STATE: Traffic Crashes Decreased but Fatalities Rose in 2020
Michigan traffic deaths peaked above 1,000 for the first time in three years according to recently released data from the Michigan State Police Criminal Justice Information Center. The 1,083 fatalities in 2020 marked a 10- percent increase from 985 fatalities in 2019 and the most traffic fatalities in Michigan since 1,084 deaths in 2007.
While fatalities spiked, the number of injuries, crashes and serious injuries declined from the year before:
- Injuries: 74,963 in 2019 to 60,896 in 2020, down 19 percent.
- Crashes: 314,377 in 2019 to 245,432 in 2020, down 22 percent.
- Suspected serious injuries: 5,629 in 2019 to 5,433 in 2020, down 3 percent.
The percentage of alcohol-involved fatalities increased by 11 percent from 295 deaths in 2019 to 326 deaths in 2020. This represents 30 percent of all traffic fatalities for the year.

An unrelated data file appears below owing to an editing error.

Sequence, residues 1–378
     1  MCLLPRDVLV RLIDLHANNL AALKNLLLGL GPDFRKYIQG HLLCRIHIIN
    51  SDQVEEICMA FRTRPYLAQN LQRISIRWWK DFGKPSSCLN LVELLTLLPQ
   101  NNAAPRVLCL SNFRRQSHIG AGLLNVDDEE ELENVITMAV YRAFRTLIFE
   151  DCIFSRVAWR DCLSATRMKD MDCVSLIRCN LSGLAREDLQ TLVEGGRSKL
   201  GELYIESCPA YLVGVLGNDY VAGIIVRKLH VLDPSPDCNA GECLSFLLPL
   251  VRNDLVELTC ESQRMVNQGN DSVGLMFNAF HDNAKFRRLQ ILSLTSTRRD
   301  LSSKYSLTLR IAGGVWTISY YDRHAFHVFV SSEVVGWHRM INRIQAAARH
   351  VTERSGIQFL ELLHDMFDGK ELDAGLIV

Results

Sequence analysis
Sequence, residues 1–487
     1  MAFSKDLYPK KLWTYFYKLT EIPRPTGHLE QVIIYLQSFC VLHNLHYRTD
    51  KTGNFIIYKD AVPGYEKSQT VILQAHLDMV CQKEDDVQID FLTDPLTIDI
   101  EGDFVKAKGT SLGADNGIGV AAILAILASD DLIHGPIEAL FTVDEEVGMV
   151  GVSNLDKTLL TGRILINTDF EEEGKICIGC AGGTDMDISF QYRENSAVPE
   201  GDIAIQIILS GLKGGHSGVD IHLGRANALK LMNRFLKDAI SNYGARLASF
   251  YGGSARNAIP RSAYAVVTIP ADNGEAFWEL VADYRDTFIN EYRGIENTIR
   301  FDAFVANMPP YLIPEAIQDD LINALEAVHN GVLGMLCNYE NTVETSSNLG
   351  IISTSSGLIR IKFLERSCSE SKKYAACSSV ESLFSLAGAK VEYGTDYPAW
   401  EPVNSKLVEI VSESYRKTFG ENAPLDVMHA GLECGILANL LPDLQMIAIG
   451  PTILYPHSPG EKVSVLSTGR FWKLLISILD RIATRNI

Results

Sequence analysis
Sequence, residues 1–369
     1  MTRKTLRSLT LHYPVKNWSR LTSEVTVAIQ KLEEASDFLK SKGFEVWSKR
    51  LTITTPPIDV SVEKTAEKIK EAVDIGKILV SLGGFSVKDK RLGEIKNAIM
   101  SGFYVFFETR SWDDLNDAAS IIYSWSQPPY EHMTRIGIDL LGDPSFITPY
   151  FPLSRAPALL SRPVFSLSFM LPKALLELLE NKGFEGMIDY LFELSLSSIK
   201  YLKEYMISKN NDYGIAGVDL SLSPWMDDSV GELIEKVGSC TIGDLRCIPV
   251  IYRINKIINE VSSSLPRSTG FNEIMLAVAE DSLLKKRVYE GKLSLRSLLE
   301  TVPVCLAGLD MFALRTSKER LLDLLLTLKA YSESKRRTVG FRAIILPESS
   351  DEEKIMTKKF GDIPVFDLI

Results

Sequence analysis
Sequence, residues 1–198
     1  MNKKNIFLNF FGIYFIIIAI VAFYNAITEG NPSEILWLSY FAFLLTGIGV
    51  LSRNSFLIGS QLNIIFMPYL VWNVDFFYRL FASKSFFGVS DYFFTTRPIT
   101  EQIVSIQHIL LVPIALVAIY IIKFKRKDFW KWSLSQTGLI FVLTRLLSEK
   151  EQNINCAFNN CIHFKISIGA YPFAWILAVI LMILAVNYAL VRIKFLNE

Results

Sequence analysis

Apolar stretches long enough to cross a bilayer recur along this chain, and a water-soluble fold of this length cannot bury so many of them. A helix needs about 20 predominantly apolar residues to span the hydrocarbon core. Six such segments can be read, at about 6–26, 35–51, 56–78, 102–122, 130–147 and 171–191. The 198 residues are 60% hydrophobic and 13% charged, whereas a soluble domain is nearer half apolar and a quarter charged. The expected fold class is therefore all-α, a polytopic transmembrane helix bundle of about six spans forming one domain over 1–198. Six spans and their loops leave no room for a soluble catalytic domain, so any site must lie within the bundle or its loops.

“Even though there was a dramatic drop in traffic crashes and injuries during 2020, there was an unfortunate surge in fatalities,” said Michael L. Prince, director of the Michigan Office of Highway Safety Planning (OHSP). “The OHSP will be coordinating high-visibility enforcement campaigns this summer focusing on impaired driving and seat belt use to reverse the trends we are seeing.”
Bicycle fatalities climbed to 38 in 2020, up 81 percent, after three consecutive years at 21 deaths. In other areas:
- Motorcyclist fatalities increased from 122 in 2019 to 152 in 2020, up 25 percent.
- Pedestrian fatalities increased from 149 in 2019 to 175 in 2020, up 17 percent.
- Commercial motor vehicle-involved fatalities decreased from 106 in 2019 to 78 in 2020, down 26 percent.
- Deer-involved fatalities decreased from 12 in 2019 to 5 in 2020, down 58 percent.
- School bus-involved fatalities decreased from 6 in 2019 to zero in 2020, down 100 percent.
- Train-involved fatalities decreased from 7 in 2019 to zero in 2020, down 100 percent.
Prince said Michigan and most other states are seeing a reduction in traffic crashes but a jump in fatalities. This data could indicate a rise in crash “severity,” which may indicate reductions in seat belt use, increases in impairment and increases in speed, but Prince said further analysis is required.